event 10 Feb 2017

Basin Governance // Governance Structures for Transboundary Water Management in the Jordan Basin

By Elizabeth Yaari, Marian Neal and Zaki Shubber. This report is produced to support EcoPeace Middle East and other users including riparian governments to facilitate discussion among stakeholders as to what type of basin governance structures would be suitable to the Jordan River Basin. This process aims to assist stakeholders in advancing regional cooperation for the adoption of a transboundary governance institution, building on the processes and discussions that contributed to the formulation of the governance interventions included in the Regional NGO Master Plan.

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(C) flickr / Oxfam International
This report guides his readers through the main questions policy makers and other stakeholders must address when considering the development of a basin governance structure such as: what type of basin governance structure is most relevant? What type of basin instrument is most relevant? How the mandate of the basin governance structure could be defined? What type of dispute mechanisms can be embedded in order to manage conflicts that could arise between parties? What kind of financing mechanism could support the operation of the governance structure and the projects to be implemented in the basin? Each of these questions are explored at length alongside a series of short case studies that demonstrate how other basin policy makers and stakeholders have addressed these foundational questions. While each basin is unique – good practice and lessons can be transferable to a variety of different contexts. Case studies elaborated in this report describe the development of transboundary governance structures where cooperation was fostered around water issues against a background of conflicts, where water represented (and continues to represent) a possible avenue for overcoming differences between countries or in which the conflict setting of the basin contributed to the trajectory of how the governance structure developed. Many lessons of relevance can be drawn from these experiences such as:
  • Some form of governance is necessary to enable and incentivize regional financing opportunities.
  • Regional management of water resources can serve as a unifying starting point for building trust and regio- nal cooperation towards conflict resolution.
  • Basin governance structures can be established even in areas with ongoing border disputes.
  • Governance structures can develop over time in function and scope to meet the evolving needs of their members and stakeholder communities.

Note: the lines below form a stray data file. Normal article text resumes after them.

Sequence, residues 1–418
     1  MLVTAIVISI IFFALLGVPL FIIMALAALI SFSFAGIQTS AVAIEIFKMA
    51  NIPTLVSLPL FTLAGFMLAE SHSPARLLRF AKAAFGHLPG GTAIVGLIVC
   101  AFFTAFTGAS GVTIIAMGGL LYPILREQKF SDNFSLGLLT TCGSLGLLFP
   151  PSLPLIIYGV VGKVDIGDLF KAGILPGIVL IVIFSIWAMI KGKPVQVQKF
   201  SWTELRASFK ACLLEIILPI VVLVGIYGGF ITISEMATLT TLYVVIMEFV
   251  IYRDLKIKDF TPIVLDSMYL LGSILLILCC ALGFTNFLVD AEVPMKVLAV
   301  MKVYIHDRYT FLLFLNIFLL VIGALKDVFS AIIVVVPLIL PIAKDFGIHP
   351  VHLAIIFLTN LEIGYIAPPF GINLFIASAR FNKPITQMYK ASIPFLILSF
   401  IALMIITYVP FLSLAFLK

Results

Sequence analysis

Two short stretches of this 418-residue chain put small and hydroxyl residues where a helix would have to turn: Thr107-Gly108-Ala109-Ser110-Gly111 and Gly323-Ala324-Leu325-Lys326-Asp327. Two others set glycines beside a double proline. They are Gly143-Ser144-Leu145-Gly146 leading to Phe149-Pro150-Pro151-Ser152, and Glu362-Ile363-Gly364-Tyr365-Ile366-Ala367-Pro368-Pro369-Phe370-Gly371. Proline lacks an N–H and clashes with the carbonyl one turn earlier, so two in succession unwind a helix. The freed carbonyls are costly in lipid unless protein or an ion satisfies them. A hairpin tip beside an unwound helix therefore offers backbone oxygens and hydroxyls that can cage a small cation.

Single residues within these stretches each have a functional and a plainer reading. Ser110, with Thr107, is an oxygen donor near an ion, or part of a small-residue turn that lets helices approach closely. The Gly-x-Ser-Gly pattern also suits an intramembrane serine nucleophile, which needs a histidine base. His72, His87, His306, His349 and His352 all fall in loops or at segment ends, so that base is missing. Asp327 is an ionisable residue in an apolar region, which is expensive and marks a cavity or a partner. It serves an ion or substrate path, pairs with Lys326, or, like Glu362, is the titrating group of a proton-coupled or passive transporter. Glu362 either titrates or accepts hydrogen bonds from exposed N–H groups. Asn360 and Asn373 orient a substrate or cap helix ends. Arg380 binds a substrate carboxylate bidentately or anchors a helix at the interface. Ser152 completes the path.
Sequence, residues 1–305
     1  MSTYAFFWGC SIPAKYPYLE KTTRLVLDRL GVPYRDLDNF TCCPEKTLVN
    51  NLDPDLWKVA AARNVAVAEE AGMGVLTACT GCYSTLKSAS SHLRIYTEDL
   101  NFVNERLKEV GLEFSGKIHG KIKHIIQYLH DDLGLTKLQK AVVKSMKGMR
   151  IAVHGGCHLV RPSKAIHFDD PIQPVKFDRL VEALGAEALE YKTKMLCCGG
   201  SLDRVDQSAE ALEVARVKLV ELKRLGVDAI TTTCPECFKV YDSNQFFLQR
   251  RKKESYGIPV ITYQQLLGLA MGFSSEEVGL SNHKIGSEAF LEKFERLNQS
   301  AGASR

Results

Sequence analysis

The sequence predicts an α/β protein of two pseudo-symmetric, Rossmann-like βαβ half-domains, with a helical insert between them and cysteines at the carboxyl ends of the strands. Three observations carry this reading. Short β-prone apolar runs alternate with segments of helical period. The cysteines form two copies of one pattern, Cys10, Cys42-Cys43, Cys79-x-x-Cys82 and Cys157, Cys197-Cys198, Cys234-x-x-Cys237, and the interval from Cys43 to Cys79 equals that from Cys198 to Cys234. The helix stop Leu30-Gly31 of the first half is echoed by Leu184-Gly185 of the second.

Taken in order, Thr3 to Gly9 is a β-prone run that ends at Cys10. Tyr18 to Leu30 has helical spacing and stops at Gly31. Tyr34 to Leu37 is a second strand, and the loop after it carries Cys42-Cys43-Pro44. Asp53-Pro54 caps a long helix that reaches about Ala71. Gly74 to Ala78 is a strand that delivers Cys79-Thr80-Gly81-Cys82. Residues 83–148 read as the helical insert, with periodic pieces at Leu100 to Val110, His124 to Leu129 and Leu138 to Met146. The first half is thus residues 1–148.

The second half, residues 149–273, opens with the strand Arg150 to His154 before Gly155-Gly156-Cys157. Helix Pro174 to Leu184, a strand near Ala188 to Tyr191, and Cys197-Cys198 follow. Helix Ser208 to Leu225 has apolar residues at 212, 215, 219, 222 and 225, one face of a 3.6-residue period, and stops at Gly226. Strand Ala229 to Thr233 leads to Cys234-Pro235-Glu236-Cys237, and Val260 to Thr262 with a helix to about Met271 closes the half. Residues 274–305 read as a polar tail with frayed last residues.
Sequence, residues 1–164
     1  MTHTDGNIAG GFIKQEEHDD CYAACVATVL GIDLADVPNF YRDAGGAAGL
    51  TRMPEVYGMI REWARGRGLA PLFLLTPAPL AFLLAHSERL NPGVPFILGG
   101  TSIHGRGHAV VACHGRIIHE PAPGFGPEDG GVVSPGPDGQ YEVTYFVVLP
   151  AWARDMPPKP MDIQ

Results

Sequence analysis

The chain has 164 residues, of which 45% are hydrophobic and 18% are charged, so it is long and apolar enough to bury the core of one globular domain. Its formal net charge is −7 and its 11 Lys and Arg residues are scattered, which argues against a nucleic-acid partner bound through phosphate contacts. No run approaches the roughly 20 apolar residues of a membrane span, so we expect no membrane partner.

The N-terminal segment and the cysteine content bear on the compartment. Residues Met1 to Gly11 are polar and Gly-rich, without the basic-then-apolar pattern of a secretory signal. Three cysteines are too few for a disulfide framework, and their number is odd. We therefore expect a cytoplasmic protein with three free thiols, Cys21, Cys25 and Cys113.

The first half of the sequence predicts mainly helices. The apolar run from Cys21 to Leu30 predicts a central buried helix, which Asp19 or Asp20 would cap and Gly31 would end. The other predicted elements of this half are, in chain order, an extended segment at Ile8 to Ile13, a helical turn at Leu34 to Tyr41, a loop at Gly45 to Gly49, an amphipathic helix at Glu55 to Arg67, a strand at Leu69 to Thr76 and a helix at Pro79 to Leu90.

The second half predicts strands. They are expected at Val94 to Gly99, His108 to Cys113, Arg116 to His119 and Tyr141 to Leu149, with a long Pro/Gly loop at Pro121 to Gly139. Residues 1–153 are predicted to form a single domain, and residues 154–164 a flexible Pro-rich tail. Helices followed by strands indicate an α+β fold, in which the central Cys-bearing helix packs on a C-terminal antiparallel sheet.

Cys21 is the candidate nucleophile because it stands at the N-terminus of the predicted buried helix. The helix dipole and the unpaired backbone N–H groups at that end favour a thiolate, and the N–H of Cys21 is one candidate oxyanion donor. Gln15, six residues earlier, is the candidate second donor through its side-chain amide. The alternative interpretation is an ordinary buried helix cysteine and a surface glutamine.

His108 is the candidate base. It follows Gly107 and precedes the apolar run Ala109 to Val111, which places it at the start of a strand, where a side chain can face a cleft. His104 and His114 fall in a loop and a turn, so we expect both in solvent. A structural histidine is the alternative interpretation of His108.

• Benefits of regional cooperation should be assessed regularly and repeatedly to account for emerging challenges, new realities and shifting priorities in a basin.
  • Intentionally inclusive processes involving a range of stakeholders, ensuring gender equality, and participation of community representatives creates more representative and sustainable outcomes.
The step-wise approach adopted by the authors enables this document to be used as a consulting tool to facilitate discussion among stakeholders – rather than provide definitive closed recommendations. Nonetheless, following the examination of numerous basin governance agreements, the authors present a proposed Generic Articles of a Jordan River Basin Organisation. While typical in many aspects, the Generic Articles are rooted in the context of the Jordan and invite discussion and consultation among all stakeholders. The articles represent the first detailed formulation of a basin governance structure for the Jordan and can serve as a starting point for discussions regarding what a future Jordan River basin governance structure might look like in practice.


  • Undertaking a concerted multi-level stakeholder consultation process inclusive of both government and civil society voices in all riparian states.
  • Workshop discussions of the proposed Generic Articles of a Jordan River Basin Commission articles with riparian stakeholders.
  • Implementation of tailor made training modules to support capacity building on governance, multi-level stakeholder consultation processes and water diplomacy among riparian stakeholders.
  • Joint learning tours to the basin case studies discussed in this report to explore governance options in depth.
  • Regular and repeated assessment of the benefits of cooperation based on international best practices to account for evolving political, social, economic and environmental challenges in the Jordan basin.


  • Elizabeth Yaari, Programme Manager and Gender Focal Point, SIWI
  • Dr Marian Neal (Patrick), Programme Manager, Transboundary Water Management, SIWI
  • Zaki Shubber, Lecturer in law and water diplomacy, UNESCO-IHE Institute for Water Education


ECOPEACE Middle East website




This report was commissioned from the Stockholm International Water Institute (SIWI) by EcoPeace Middle East for the benefit of a wide range of stakeholders concerned with designing and establishing a future basin governance structure for the Lower Jordan River. This work should be considered complementary to the Regional Non-Governmental Organisation (NGO) Master Plan for Sustainable Development in the Jordan Valley released in 2015 by EcoPeace Middle East and its partners SIWI and Global Nature Fund (GNF) with the support of the European Union’s Sustainable Water Integrated Management (SWIM) programme.

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